Joshua Lockwood Logan was born Oct. 5, 1908, in Texarkana, Tex. His father died when he was 3 years old; six years later, his mother married an Army officer who was later on the staff of the Culver (Ind.) Military Academy.

It was when he was 8 years old that Joshua saw his first professional play, ”Everywoman,” in Shreveport, La. It was, he wrote in his autobiography, ”Josh,” a case of ”love at first sight.” It was during his five years at Culver, Mr. Logan wrote, that he entered his first dramatics class and ”felt my life swerve and suddenly steady itself.” Studied With Stanislavsky.

He chose to go to Princeton because of its Triangle Club show that toured the country, and he entered the university in 1927. The previous year, he recalled, he saw his first Broadway play, ”What Price Glory?”

TRIVIA…

  • Won seven Tony Awards:
  • two in 1948 for “Mister Roberts,” with collaborator Thomas Heggen as Best Authors and as writers of the Best Play winner
  • four in 1950 for “South Pacific,” as Best Director, Best Authors (Musical) with Oscar Hammerstein II, Best Producers (Musical) wirh Richard Rodgers, Hammerstein and Leland Hayward, and as writers, along with Rodgers and Hammerstein, of the Best Musical winner
  • and one in 1953, as Best Director for William Inge‘s “Picnic.”
  • He was also Tony-nominated on two other occasions:
  • in 1959, as co-producer of Best Play nominee “Epitaph for George Dillon,”
  • in 1962 as Best Director (Musical) for “All American.”

When you finish reading this, you must read my friend’s blog… Jeff Carter had a fun time at his own license branch.

Saturday I searched in vain on the internet to find the DMV’s hours. I could not even locate a telephone number for the Centerville branch. I arrived at 2:01pm – they closed at 2:00pm.

This morning, I left the house after Jose headed off to school, arriving at 7:53am. I sat in the parking lot and at 7:58am seven cars zoomed in – and I mean ZOOMED. The parking spaces around me filled up and immediately, people were out of their cars. I brought the average age in the parking lot down to 80 years. I am certain a few actually remembered starting the car with the crank! These people were in the building before I even got out of my car, and one lady was on a walker.

Inside, everything moved fast and by 8:04am I was having my photo taken. I asked the lady if the DMV had a special where you could have Christmas card photos made from your license photo… no.

I sat down to wait with four others who just had their photos taken. The lady on the walker was complaining because they were taking so long! The two men on either side of her agreed. I sat there smiling to myself. The gentleman next to me began chatting and I learned he grew up in Alexandria, Indiana which is about seven miles from where I grew up.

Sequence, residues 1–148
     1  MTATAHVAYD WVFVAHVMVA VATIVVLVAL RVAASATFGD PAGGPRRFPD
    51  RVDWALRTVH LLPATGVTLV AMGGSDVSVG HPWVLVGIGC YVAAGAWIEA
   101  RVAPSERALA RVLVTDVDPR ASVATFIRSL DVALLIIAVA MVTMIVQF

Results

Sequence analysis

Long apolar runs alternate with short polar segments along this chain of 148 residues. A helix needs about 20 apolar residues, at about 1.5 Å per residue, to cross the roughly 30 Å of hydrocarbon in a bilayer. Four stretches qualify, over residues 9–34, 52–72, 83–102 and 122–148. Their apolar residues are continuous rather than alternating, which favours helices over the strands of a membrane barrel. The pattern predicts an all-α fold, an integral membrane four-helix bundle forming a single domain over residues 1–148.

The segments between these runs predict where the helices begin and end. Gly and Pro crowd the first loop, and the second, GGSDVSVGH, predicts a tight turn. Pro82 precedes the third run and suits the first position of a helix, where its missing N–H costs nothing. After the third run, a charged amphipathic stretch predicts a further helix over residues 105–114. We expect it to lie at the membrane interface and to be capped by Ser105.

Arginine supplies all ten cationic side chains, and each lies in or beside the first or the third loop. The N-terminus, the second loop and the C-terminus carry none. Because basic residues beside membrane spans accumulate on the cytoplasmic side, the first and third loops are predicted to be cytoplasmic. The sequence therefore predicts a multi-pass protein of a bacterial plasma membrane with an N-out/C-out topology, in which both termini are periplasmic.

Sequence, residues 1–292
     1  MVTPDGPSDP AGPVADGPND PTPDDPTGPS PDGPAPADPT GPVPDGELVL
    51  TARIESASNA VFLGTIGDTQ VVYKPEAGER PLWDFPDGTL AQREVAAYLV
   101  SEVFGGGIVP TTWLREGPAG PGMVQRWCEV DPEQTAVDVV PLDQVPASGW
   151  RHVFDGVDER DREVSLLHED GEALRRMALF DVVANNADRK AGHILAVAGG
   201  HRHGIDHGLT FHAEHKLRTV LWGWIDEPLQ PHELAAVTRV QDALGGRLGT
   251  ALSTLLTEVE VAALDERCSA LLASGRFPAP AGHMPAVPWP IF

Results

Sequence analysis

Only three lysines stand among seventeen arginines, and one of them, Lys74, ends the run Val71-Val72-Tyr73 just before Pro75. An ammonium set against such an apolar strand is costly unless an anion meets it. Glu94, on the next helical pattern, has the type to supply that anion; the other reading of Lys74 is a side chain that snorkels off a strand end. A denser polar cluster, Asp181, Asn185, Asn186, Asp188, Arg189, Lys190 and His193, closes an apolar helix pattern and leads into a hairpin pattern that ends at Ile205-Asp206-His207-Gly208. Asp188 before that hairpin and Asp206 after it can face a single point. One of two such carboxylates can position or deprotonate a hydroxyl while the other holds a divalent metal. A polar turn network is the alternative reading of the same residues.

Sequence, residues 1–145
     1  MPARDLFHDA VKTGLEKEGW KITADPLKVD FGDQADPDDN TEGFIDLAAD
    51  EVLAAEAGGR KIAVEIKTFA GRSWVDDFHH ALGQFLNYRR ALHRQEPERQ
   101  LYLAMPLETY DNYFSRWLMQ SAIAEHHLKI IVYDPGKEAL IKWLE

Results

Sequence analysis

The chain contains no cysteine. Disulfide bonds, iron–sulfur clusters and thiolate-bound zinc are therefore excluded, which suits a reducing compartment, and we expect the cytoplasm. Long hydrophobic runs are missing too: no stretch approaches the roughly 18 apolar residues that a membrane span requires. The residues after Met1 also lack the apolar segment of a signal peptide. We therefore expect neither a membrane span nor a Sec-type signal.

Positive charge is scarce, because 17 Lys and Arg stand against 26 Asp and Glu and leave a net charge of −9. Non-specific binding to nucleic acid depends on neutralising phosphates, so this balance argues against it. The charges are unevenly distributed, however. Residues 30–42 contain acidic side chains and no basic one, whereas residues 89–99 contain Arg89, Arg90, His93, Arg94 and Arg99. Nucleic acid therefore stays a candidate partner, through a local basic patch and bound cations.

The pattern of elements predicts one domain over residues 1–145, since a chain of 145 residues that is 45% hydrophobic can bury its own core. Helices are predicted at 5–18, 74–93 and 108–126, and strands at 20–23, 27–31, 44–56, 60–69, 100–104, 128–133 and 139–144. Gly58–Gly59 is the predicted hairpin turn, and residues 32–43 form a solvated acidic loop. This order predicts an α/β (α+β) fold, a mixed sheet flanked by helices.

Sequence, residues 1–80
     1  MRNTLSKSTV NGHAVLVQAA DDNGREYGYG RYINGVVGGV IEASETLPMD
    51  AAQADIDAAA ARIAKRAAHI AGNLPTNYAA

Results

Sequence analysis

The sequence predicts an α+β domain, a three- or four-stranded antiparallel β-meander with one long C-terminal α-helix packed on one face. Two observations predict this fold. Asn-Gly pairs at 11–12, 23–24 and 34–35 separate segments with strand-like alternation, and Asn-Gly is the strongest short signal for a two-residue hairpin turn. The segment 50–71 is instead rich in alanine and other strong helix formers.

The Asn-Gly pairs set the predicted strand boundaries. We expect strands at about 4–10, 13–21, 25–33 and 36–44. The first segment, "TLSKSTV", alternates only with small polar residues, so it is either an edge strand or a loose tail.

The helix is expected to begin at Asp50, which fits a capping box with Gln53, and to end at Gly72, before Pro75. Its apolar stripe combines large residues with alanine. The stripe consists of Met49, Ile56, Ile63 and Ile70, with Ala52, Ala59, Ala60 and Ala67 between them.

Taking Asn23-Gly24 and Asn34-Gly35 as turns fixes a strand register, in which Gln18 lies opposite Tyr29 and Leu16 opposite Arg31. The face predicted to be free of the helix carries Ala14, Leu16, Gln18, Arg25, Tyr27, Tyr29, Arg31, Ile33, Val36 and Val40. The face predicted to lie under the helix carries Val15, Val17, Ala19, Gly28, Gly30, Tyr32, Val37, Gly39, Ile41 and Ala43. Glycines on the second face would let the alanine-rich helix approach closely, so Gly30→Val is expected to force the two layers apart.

In less than a minute they called my name. The three complainers were aggrevated that I already had mine. As the lady handed me mine I heard her say, “Oh, no! A malfunction.”

The walker lady bellowed, “Why did he get his before we got ours?”

The lady tried to explain, and then apologized for the malfunction. I started past the lady and she asked, “Why did you get yours first?”

I smiled and said, “There’s not as many wrinkles to touch on my photo.”

All four were slapping their legs and howling.

I pulled out of the DMV and headed to the National City Bank. I had lived in this particular Centerville neighborhood for eight years and could not believe how much it had grown with all the new businesses. It was mostly open fields from 1995-2002. I waited in line, looking for the ATM. I decided I would just do the window.

I pulled up to the window, noticing there were no machines to suck the money into the bank. The window opened and the lady, dressed in a cute shirt and sun viser asked, “How may I help you?”

I said I wanted to make a deposit… her face contorted, and then she began howling.

“This is Starbucks, now.”

I drove off without getting an order…

At 9:00am my neighbor lady, Kay, took me to breakfast to celebrate my birthday at First Watch. We had a delightful time and then walked over to Tuesday Morning.

Tonight, I will head up to Wayne High School to join Loretta Henderson and her daughter, Mara, for the Wayne vs. Fairmont game. Her oldest daughter, Kayla, is the team manager, but I am sure I will see her. Uncle Darin always seems to be a hit with these two darlings. Loretta and I were at KMS together, and she is now a principal in Tipp City.

Saturday is a tailgate picnic for the band, and then a contest at the OSU stadium in Columbus. I have never been to this sacred site, and am excited to do so.

There Is Only Now